Middle East is known for its high temperatures and sandstorms. Now, a new kind of storm brings the heat to banks in the region. It’s called FinTech.
In recent weeks, “FinTech” has been in the news a lot in the UAE and the wider Middle East region. According to the emirate’s financial center’s management body, Dubai has seen a surge of interest from FinTech startups and banking assets over the last three years. No wonder it is fast becoming a destination for financial technology startups because of its location, private investment and innovation. Arif Amiri, CEO of DIFCA, stated that in the space of three years the financial hub went from hosting 1000 companies to 1715 and banking assets rose from $50 billion to $150 billion in the same period. He added that the financial services industry contributes about 12 percent to Dubai’s total gross domestic product and it is expected to increase to 18 percent by 2024.
Dubai’s neighbours are taking note, too. Bahrain is also bidding to attract FinTech start-ups to its shores, with the announcement in June of regulations for the creation of its own “sandbox” program. Saudi Arabia for its part has declared that FinTech will be an integral part of its Vision 2030 plan, aimed at reducing its dependence on oil revenues, with Qatar and Egypt also looking to get on the FinTech bandwagon.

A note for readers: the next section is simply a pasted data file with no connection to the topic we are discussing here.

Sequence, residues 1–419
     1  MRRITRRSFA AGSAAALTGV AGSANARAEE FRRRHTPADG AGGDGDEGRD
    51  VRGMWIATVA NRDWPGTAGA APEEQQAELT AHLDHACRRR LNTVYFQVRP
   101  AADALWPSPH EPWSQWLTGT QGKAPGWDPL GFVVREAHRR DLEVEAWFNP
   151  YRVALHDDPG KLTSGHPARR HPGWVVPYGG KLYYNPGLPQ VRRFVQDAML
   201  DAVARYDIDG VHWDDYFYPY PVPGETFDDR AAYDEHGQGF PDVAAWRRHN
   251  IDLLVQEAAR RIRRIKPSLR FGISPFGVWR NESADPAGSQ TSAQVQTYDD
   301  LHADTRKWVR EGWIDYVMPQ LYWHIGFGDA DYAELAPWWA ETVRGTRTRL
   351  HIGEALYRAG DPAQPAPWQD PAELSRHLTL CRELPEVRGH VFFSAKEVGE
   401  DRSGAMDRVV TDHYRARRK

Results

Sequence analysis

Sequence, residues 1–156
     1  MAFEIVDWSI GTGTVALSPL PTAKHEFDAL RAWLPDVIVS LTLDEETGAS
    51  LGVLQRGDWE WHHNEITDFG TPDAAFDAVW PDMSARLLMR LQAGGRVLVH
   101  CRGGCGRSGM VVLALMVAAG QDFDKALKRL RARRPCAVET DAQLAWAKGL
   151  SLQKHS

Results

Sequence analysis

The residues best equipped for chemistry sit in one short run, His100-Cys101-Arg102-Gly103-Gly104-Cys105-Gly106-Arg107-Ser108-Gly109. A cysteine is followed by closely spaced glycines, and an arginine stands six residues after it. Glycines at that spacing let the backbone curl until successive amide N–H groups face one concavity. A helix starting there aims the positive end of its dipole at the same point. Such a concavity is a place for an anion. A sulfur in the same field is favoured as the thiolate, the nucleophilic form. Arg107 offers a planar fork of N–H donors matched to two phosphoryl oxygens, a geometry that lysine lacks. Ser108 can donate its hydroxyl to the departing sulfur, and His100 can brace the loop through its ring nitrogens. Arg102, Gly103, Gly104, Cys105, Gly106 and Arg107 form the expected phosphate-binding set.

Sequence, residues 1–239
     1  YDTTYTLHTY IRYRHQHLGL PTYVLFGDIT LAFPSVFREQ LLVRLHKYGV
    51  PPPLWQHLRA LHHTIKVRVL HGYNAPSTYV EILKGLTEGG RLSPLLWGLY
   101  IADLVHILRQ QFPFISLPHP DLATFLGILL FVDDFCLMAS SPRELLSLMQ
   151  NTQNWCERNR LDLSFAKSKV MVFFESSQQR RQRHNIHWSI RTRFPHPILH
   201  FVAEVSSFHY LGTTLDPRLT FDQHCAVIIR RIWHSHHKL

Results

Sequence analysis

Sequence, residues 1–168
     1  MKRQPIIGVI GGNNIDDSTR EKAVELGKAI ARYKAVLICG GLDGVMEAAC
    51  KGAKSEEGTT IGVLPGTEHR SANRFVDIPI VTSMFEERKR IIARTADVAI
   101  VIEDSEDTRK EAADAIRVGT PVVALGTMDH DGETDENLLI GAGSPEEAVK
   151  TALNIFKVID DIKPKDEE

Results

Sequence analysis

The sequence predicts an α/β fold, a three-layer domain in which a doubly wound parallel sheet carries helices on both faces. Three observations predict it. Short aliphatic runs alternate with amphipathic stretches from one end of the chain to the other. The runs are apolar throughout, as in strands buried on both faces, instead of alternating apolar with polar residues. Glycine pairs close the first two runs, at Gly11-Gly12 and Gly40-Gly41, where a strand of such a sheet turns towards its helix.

Disruptive technology is great news for customers, but threatens the banks’ business. In the first decade of 21st century, FinTech innovators utilise cryptocurrencies such as Bitcoin, innovative technologies such as Blockchain, and the worldwide proliferation of smartphones to both automate and streamline internal processes within banks and financial service firms and to offer innovative new solutions that blur the line between finance and technology. FinTech enables faster, cheaper, more convenient or more accessible delivery of financial services and consumers like that. A lot. Such services can now be delivered efficiently, securely and more affordably by both established financial services companies, but also by smaller tech firms. To the alarm of big banks, customers are increasingly favouring services offered by the latter.
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